Turkey Pot Pie
With Roasted Pears Topped with Cranberries and Blue Cheese
Turkey and cranberries are icons of the holiday season. Enjoyed for centuries in New England by the Indians and the colonists, the cranberry and the wild turkey were survival foods and always plentiful. Cranberry bogs can still be found in all New England states.
The cranberry was used for cooking and textile dyes as well as medicine. The Indians made an energy bar called pemmican, still being made today of dried meat, berries, and tallow. It was widely used by fur traders and early settlers as a chief source of calories on the cold winter trade routes. In 1622 the British brought honeybees to North America which changed how the colonists could use the fruit. Having a readily available sweetener turned the cranberry into a side dish with roasts as well as a filling for pies and tarts. Typically, one of those roasts would be the plentiful wild turkey…and then there were none!
Wild “turkies” do not migrate which make them vulnerable especially during the cold months. They were habitual roosters at night choosing the same tree making them an easy target. Organized hunts quickly depleted the flocks and by 1813 none could be found in Connecticut, none in Massachusetts and New Hampshire by 1854. The wild turkey comeback began during the depression with a combination of efforts, including taxes on arms and ammunition and reintroduction of the bird from other states into their natural habitat. It took many years for them to thrive, but by 1992 wild turkeys could be found in all New England states…and are now considered a nuisance in some communities!
Still a tradition and fan favorite around the holidays…as a roast or a savory pot pie. Pair this with a roasted pear and cranberry salad for the perfect meal.
Roasted Pears with Cranberries and Blue Cheese (Serves 6)
3 ripe but firm Anjou pears, peeled, halved, and seeded with melon baller…toss lightly with lemon juice to prevent browning
¼ cup fresh lemon juice
3 ounces crumbled (chunky) blue cheese, such as stilton
¼ cup dried cranberries
¼ cup toasted walnuts chopped
½ cup apple cider
3 tablespoons port wine (or other fruity red wine)
1/3 cup light brown sugar
¼ cup extra virgin olive oil
6 ounces baby arugula
Preheat oven to 375°F.
Slice a small piece off the rounded bottom of each pear half so it sits flat and arrange snugly in a baking dish.
Toss the blue cheese with the cranberries and walnuts in a bowl and evenly distribute into the pear indentations.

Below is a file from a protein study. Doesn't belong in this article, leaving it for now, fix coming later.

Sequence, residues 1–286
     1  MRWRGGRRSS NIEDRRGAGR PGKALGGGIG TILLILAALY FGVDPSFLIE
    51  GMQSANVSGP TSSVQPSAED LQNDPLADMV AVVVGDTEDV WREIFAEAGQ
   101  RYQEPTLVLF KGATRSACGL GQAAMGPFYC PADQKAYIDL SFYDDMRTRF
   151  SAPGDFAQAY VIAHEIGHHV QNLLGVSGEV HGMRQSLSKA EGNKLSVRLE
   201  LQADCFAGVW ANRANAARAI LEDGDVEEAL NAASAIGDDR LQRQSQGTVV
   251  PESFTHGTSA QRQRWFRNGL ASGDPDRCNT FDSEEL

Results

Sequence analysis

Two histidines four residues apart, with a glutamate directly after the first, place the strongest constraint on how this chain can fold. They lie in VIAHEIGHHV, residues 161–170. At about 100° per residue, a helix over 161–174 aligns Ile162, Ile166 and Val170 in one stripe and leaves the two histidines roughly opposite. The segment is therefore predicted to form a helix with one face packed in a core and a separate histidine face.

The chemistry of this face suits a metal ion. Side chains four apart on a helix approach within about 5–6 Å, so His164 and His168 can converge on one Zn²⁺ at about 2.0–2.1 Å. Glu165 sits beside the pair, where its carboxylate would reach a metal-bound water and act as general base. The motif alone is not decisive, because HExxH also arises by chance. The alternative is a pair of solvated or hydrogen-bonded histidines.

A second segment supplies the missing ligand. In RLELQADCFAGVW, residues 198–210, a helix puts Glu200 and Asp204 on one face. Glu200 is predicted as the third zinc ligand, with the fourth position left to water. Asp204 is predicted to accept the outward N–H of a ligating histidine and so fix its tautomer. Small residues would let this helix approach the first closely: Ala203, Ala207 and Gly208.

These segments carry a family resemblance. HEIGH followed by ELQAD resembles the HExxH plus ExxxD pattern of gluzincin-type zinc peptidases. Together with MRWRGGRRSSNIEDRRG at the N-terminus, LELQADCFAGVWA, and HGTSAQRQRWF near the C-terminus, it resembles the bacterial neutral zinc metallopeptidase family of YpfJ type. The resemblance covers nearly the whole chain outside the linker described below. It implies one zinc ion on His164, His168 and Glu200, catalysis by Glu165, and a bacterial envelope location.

Combine in a bowl the apple cider, port, and brown sugar…stir to dissolve the sugar and pour over and around the pears. Bake, basting occasionally with the cider mixture until tender, about 30 minutes.
Mix olive oil, lemon juice, and ¼ cup basting liquid from baking dish in a large bowl for dressing. Toss arugula with the dressing and divide evenly on 6 plates…place a pear on top and drizzle each pear with the remaining basting liquid, sprinkle with salt and serve warm or at room temperature.
Turkey Pot Pie (Serves 4)
4 tablespoons butter
½ cup diced onion
1 cup diced carrot
1 cup diced potato (Yukon gold)
½ cup diced celery
½ cup frozen peas, thawed
4 tablespoons flour
3–4 cups turkey or chicken broth plus one chicken bouillon cube
½ teaspoon dried sage or 1 teaspoon chopped fresh sage
2 cups cooked turkey meat cubed or shredded
1 sheet of puff pastry
1 egg beaten
Preheat oven to 400°F. Parboil carrots, celery, and potatoes until tender, approximately 4 minutes. Drain and reserve.
Melt butter in large skillet, and sauté onions until translucent. Add flour to skillet, whisk until combined, and cook for 4 minutes. Gradually add broth with bouillon while whisking, until sauce is smooth and thickened, adding more liquid as needed.
Add sage, plus salt and pepper to taste. Stir in turkey, cooked vegetables, and peas. Pour mixture into deep pie plate or casserole.
Roll out dough, and lay across the dish extending over sides by one inch. Brush with egg, and make several slits to let the steam escape. Place pie dish on a rimmed baking sheet, and bake at 400° for 30 minutes. Turn down heat to 350°, and bake another 25–30 minutes till golden brown and bubbling through the slits. Let sit before serving.
Note: Chicken can be substituted for the turkey, and thyme or tarragon for the sage.
Melody Tierney and her husband, Phil, were B&B owners in Southampton, NY, serving a signature breakfast. They earned Inn of the Month in Travel and Leisure magazine.